Essay writing has always been a personal struggle of mine; the formatting, structure and referencing had often confused the heck out of me. I had never properly understood how to write, nor did I ever do particularly well in an English class. The Hamburger/Sandwich Method everyone had spoken of or utilized in high school had never clicked for me; I had never known where to begin. I hated it, mainly because my essays were consecutively and consistently slapped with a harsh “Nice Try, you’ve earned a B”, or a “Please come see me so we can review the structure, outline, and basically every other aspect of your essay”.
I genuinely despised English, all throughout grade 9, 10 and 11, and I could not wait to finish my last year of English, until I had actually entered grade 12.
I remember preparing to write my last English essay of high school which just so happened to be the most unanticipated paper of the year: the Independent Study Unit essay. Despite me dreading the idea of another flawed and failed draft beforehand, something had come across me. I had some sort of epiphany, I guess you could say, where it suddenly all made sense.
This epiphany I believe, is what one would call, the sudden desire to overachieve. I had never done particularly well on essay, and a little portion of my brain said, “Hey, why not actually give it a go? Try your best, go above and beyond.” So, I did. I put my all into that paper and I strived for greatness. I incorporated twice as many quotes, I elaborated beyond belief (and repeated myself numerous times), I made comparisons, and most importantly, in my perspective at least, I approached people and asked them to edit my essay. For that essay alone, I had asked a minimum of five, maybe six people to edit; those people being my peers, parents, acquaintances and my teacher. I had asked more people to edit that one essay than I had for any other paper throughout my entire high school career. All had such different viewpoints and ideas to stretch throughout my paper; it was phenomenal what I was able to take from asking so many of them. Sitting with these individuals and reviewing it was not only helpful in the sense of receiving another opinion, but I was also able to pick out points that I liked and did not like, points that I felt were strong or weak, and so forth.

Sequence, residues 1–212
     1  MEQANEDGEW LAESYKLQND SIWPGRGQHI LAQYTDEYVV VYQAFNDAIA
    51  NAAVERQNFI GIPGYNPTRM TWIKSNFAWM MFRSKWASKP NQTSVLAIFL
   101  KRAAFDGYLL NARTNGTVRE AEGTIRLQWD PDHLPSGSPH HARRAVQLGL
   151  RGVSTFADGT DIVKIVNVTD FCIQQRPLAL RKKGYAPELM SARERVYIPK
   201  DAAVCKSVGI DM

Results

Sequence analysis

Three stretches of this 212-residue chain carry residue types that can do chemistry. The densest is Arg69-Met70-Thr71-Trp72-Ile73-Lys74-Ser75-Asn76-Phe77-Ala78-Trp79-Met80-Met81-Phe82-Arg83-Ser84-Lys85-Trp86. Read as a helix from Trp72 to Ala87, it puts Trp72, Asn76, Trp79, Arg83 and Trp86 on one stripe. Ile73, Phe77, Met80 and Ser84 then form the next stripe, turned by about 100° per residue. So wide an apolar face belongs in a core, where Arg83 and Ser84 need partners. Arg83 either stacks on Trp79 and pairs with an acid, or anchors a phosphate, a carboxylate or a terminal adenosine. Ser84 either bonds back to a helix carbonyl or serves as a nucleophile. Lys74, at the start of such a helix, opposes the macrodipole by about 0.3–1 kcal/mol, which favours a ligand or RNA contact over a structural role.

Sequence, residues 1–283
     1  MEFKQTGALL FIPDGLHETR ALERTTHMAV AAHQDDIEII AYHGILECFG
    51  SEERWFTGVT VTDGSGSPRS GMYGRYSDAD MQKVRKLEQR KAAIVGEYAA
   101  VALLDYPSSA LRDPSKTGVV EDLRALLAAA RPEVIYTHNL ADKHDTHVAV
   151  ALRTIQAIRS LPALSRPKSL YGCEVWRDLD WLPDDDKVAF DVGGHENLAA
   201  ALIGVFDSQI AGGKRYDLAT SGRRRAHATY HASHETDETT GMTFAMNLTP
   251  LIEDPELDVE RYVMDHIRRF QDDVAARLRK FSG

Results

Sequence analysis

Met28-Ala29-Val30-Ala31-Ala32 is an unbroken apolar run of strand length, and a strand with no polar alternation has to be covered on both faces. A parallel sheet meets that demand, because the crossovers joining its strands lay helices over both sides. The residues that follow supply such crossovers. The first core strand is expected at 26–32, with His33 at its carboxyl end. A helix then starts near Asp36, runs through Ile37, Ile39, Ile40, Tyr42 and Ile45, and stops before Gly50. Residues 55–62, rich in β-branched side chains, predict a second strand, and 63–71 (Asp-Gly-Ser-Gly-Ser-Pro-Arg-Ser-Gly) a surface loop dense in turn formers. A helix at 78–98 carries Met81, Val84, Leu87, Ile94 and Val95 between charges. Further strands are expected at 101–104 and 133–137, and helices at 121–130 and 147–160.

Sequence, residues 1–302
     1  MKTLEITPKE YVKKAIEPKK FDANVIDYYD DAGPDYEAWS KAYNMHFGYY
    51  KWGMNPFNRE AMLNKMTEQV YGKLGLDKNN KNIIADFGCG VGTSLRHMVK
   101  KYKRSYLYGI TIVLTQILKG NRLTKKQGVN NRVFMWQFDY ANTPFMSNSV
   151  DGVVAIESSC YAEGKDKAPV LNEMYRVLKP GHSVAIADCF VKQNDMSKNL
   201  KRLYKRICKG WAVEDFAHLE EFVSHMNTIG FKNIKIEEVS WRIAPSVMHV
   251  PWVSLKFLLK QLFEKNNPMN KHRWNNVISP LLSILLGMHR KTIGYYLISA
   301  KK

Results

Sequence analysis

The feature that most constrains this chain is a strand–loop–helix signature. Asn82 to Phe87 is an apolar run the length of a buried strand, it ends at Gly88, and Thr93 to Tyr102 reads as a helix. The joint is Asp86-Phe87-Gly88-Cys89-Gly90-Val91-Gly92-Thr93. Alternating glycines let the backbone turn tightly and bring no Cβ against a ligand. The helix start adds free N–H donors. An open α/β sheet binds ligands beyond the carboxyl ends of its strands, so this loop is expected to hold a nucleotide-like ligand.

It helped me learn to critique myself a little more. Taking the time to review a paper, by yourself, but also with a variety of people helps to make it so much better, I guarantee it. I think that’s the trick – well, for high school students at least. From what I’ve heard, University is a whole new playing field. It appears to be so much different from high school English courses; now, maybe I’m wrong, but maybe I’m not.
There are so many presumptions students make when coming into university; one of mine being that with the larger class sizes, and busyness of my peers, no one would be able to edit or review my essays and papers. How could I critique myself if no one else could get the ball rolling? Speaking in terms of writing purposes, opinions are very valuable to me so this possible change was quite terrifying.
I think the secret is to reach out. Reach out to peers that aren’t busy, to other professors if your professor can’t help you at an exact moment. Clarify, justify, elaborate. Develop questions if something doesn’t make sense. Reach out to what you value to help you succeed and use that to your advantage. I value different viewpoints and I like hearing suggestions on how to make my paper sublime. I have learned that there are so many resources that you can use if one resource isn’t available. This realization, and the skills I’ve picked up on within the past year have made me anticipate English for once. Maybe it’ll be harder, maybe I’ll comprehend it more, maybe I’ll fail; you never really know until you try, am I right? Wherever this journey may take me, I am actually quite looking forward to it; my 15 year-old self would be laughing if she ever read this. I say, bring it on for a change.